Over the last few years, we've seen much discussion on the desire/want/need for an Interactive Gross Rating Point (iGRP). During the last few weeks, as agencies and advertisers considered how to allocate their dollars in the upfront season, this question has arisen again--but as much as I feel it would be great to have an apples-to-apples comparison for evaluating media, I've come to the belief that an iGRP is not the answer.
If you haven't already, try this exercise as part of your ongoing online media efforts: work with one of the broad-reach ad networks to pixel-tag your site and serve ads to folks who have already visited your Web site. Compare the results of this remessaging effort to those of your existing network buys. You should see a huge difference in performance.
Online advertising is hot. So hot in fact, that pundits lately have increased projections for the potential size of the online ad market, some now predicting that U.S. online ad expenditures could hit $35-50 billion by the end of this decade, up from $12.5 billion last year, according to IAB/PWC.
Amidst the excitement surrounding online word of mouth (WOM) and consumer-generated media (CGM), many marketers and agencies are allocating disproportionate attention to two areas. The first area involves overt word-of-mouth marketing campaigns, and there's no shortage of those among even the biggest marketers these days. The second area includes consumer-generated works that spawn organically and somehow achieve enormous virilaty and reach.
What we've been seeing take place in the UGC arena to date represents the easy stuff; the "no-brainer" ideas. The current trend to invite consumers to create advertising or create content that integrates a brand or the brand message represents the simplistic means of creating content, but within this content, we see some glimmers of future light as well as some possibilities for smothering the idea before it even takes off.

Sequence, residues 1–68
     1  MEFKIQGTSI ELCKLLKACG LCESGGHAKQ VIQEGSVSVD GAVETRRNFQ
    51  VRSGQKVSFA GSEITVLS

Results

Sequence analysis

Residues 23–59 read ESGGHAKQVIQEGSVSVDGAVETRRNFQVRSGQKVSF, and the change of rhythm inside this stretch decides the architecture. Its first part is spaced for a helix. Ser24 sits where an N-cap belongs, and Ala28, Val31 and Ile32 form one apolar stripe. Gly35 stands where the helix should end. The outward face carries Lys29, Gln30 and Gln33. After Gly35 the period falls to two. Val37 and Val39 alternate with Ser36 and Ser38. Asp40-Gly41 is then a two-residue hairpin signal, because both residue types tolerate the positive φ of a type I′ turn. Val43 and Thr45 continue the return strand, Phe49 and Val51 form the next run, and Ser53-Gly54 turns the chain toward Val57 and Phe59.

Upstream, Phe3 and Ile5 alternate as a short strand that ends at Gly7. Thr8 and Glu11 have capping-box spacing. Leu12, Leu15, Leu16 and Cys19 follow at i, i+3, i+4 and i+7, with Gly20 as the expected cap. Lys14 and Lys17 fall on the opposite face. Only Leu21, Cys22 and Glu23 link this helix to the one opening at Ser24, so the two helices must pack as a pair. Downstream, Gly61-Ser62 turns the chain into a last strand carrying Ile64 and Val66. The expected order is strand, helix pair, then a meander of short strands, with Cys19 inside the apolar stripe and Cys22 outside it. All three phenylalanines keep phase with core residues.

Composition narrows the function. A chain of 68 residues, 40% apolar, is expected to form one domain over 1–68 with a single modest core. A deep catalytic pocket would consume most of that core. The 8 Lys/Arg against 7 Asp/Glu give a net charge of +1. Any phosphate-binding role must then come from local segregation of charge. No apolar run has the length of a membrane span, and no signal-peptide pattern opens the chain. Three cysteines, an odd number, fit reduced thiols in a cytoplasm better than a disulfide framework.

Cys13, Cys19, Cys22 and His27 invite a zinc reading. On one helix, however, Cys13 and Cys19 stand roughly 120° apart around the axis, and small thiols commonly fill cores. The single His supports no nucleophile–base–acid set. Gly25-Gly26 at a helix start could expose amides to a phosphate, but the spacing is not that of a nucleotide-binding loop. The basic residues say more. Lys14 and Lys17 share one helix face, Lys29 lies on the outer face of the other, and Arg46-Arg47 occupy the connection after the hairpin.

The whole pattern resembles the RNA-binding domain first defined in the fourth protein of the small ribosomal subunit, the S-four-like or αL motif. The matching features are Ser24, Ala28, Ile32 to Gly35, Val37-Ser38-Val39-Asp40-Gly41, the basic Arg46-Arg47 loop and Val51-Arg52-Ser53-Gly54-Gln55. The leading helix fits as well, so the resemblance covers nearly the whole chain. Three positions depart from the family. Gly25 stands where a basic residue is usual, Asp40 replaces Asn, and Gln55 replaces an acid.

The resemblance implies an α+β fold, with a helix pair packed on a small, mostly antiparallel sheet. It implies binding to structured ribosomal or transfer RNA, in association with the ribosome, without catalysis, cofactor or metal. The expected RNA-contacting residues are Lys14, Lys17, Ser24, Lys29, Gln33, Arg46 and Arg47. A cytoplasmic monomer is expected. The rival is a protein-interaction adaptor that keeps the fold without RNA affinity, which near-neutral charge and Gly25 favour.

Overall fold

If you're a die-hard "Lost" fan like me, you've noticed some fake spots for The Hanso Foundation, the shadowy organization supposedly behind much of the show's mystery, running amidst the legit commercials....
I hate "Big Brother" antics on the Internet... well, mostly. Do you know the Internet is being compromised in the U.S.? "Free speech" is one of the best and worst aspects of our beloved online world. Well, dear readers, the government keeps trying to regulate it.
It was the hottest thing two years ago, wasn't it? Pay-per-call was all the rage long before anyone made a dime on it....
Relationships --whether physical or in the virtual world--are the fabric of life, and one inevitable fact in life and relationships is death. So it is natural that as the Internet and social media become more ingrained in people's lives and identities, death and mourning will follow accordingly....
I've said it before and I'll say it again: pop culture provides the best source of insight into American advertising and marketing. If you want to know how to tap into the collective consciousness, just check out a little pop culture.